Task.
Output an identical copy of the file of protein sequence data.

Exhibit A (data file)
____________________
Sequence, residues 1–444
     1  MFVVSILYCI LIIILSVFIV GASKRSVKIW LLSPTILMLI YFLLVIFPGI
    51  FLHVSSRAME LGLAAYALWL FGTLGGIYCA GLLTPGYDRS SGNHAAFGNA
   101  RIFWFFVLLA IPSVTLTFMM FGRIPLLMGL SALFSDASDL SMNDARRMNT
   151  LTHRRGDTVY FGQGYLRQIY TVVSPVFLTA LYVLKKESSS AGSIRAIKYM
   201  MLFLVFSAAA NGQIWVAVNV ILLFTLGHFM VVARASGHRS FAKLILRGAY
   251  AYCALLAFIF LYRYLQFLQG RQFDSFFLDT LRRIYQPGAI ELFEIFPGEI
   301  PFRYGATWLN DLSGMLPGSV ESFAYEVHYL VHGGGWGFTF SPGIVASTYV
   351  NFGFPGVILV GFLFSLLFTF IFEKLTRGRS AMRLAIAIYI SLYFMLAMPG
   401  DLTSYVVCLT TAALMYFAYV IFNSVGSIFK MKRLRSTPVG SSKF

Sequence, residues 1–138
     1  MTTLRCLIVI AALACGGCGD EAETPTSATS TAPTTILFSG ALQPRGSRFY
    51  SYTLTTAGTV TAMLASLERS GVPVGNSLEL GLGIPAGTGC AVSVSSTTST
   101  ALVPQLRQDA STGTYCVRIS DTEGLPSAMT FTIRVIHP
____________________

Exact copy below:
Sequence, residues 1–444
     1  MFVVSILYCI LIIILSVFIV GASKRSVKIW LLSPTILMLI YFLLVIFPGI
    51  FLHVSSRAME LGLAAYALWL FGTLGGIYCA GLLTPGYDRS SGNHAAFGNA
   101  RIFWFFVLLA IPSVTLTFMM FGRIPLLMGL SALFSDASDL SMNDARRMNT
   151  LTHRRGDTVY FGQGYLRQIY TVVSPVFLTA LYVLKKESSS AGSIRAIKYM
   201  MLFLVFSAAA NGQIWVAVNV ILLFTLGHFM VVARASGHRS FAKLILRGAY
   251  AYCALLAFIF LYRYLQFLQG RQFDSFFLDT LRRIYQPGAI ELFEIFPGEI
   301  PFRYGATWLN DLSGMLPGSV ESFAYEVHYL VHGGGWGFTF SPGIVASTYV
   351  NFGFPGVILV GFLFSLLFTF IFEKLTRGRS AMRLAIAIYI SLYFMLAMPG
   401  DLTSYVVCLT TAALMYFAYV IFNSVGSIFK MKRLRSTPVG SSKF

Sequence, residues 1–138
     1  MTTLRCLIVI AALACGGCGD EAETPTSATS TAPTTILFSG ALQPRGSRFY
    51  SYTLTTAGTV TAMLASLERS GVPVGNSLEL GLGIPAGTGC AVSVSSTTST
   101  ALVPQLRQDA STGTYCVRIS DTEGLPSAMT FTIRVIHP